Welcome to the Carnival of Latin America and the Caribbean. The week’s big story: More Russian oil and weapons deals with Venezuela,
Russia pays Venezuela $600 mln bonus for role in oil project
Russia’s National Oil Consortium on Friday paid Venezuela a bonus of $600 million for participation in the development of the Junin-6 deposit, the head of a company making part of the consortium said.
Vladimir Bogdanov, the head of Surgutneftegaz, added that Friday is to see constituent documents signed and a joint venture registered in which 60% belongs to Venezuela’s state oil and gas corporation Petroleos de Venezuela (PdVSA), and 40% to the Russian consortium.
The National Oil Consortium (NNK) of Russian companies working in Venezuela includes Russian energy giant Gazprom, state-run crude producer Rosneft, Russian-British joint oil venture TNK-BP, Surgutneftegaz and LUKoil.
Total investment into the Junin-6 block development – a project designed to last 25 years – is estimated to reach $20 billion. The agreement on the joint venture between Russia and Venezuela was signed a month ago in Moscow. The Junin-6 oil field could produce up to 450,000 barrels daily by 2017.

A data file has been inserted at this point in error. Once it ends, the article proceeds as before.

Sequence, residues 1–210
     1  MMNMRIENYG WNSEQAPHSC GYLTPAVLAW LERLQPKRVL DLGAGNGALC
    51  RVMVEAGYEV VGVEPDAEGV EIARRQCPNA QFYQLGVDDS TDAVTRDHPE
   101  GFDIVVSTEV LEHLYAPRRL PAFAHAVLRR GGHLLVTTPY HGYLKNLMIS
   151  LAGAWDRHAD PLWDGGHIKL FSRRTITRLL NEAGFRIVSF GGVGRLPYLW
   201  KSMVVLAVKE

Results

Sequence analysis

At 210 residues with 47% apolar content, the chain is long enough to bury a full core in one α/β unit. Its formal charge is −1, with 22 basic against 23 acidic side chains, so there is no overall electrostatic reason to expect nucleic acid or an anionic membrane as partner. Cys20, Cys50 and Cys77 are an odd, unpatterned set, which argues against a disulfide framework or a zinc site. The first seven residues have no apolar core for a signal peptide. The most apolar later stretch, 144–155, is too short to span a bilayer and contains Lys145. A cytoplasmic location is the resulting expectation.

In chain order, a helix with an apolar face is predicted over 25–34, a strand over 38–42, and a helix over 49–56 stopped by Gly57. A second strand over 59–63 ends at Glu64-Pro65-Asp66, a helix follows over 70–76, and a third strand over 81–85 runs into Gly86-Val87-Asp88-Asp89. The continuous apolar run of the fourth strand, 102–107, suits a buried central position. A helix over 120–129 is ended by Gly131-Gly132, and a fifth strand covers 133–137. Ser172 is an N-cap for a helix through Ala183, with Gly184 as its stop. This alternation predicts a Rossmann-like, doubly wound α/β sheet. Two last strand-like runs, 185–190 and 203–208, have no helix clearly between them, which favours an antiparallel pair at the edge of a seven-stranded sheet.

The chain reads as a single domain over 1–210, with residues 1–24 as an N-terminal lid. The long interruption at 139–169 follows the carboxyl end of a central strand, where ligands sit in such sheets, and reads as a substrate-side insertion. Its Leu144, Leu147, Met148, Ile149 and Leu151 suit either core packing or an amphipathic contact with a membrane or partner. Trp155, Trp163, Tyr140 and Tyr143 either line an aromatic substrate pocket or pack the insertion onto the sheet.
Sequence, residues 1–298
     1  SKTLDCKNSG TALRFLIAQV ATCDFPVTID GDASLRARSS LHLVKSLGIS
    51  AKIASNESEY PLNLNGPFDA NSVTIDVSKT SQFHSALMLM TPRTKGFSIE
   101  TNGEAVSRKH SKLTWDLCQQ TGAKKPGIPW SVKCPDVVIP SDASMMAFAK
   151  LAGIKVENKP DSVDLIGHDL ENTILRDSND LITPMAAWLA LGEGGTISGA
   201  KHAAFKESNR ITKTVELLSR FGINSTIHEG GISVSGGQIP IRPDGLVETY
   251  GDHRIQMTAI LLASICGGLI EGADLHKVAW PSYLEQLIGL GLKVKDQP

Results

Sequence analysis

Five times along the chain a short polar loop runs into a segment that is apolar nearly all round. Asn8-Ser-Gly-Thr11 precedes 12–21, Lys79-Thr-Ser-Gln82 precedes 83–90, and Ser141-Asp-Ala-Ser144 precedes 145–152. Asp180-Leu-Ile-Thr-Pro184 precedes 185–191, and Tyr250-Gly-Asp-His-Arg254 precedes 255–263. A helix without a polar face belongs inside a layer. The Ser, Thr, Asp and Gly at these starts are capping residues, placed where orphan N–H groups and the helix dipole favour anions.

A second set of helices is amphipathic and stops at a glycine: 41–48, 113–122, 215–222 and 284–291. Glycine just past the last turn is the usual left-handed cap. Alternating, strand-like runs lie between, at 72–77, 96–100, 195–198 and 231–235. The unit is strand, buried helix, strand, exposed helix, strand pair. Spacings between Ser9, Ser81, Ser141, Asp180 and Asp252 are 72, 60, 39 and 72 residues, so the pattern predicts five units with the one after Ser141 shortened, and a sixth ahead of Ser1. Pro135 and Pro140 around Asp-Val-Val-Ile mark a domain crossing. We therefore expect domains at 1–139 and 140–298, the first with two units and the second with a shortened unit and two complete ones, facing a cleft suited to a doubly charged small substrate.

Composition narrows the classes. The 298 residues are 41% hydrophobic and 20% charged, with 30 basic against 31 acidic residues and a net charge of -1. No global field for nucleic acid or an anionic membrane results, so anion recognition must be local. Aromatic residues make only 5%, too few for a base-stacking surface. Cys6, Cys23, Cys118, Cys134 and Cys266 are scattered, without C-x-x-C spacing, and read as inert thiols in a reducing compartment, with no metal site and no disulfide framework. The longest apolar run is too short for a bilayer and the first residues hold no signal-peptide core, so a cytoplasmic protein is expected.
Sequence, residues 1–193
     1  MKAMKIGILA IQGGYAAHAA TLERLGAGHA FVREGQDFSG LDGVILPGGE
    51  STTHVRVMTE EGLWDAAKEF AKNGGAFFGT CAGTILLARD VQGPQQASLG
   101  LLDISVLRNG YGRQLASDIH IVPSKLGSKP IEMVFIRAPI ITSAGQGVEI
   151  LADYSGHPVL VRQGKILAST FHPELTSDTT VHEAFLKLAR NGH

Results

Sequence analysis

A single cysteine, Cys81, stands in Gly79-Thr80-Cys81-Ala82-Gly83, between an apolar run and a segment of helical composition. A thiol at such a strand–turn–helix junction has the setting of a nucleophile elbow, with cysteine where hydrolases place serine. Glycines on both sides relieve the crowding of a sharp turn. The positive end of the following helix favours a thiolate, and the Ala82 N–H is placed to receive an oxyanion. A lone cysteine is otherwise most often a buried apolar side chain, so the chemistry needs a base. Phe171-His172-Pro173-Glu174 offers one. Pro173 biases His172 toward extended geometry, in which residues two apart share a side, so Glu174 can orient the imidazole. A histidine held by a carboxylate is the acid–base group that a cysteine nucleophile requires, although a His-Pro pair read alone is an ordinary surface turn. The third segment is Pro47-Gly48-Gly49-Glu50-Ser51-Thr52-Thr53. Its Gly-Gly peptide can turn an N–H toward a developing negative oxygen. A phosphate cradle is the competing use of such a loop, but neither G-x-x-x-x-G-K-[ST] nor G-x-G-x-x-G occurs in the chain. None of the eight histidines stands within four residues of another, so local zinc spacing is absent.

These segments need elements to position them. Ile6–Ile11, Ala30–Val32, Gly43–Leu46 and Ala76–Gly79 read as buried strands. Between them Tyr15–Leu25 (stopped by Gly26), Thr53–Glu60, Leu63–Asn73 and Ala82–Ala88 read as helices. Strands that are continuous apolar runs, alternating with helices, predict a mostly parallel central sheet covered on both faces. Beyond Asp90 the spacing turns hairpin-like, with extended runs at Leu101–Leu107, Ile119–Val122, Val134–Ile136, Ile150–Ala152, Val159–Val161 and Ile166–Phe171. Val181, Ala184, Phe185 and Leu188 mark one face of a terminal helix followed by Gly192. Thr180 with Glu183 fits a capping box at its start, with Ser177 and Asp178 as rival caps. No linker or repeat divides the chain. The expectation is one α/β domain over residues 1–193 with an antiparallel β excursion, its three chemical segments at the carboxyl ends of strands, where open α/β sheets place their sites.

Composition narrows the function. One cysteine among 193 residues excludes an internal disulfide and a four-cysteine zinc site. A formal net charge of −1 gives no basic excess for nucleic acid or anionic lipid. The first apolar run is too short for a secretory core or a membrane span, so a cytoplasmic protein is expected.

Chile’s new government
Running to rebuild a shaken country
Lacking his predecessor’s popular touch, Sebastián Piñera (below) and his team of business technocrats will face pressure from Chileans for quick results
Cuba’s true martyrs
Possession of Spanish citizenship and a Spanish passport presumably makes it easier for Cubans to travel outside the island.
It also gives you access to better healthcare, too. Speaking of which, Commie love week in Brunswick, ME
Somewhere near Salinas
Guatemala and organised crime
Reaching the untouchables
Attempts to stop drugs money corrupting public life in Guatemala are making some progress. In Jamaica (see article) the worries are growing
Mexico, the United States and drug gangs
Turning to the gringos for help
As drug-related violence continues to rise, Mexican and American officials unveil plans for unprecedented security co-operation. But will they work?
The settlement also affects a refinery in Yabucoa, Puerto Rico, which was closed for business reasons in July 2008. Shell Chemical Yabucoa’s existing terminal operation in Puerto Rico will upgrade its operations, the Justice Department said.
Russia, Venezuela Strengthen Ties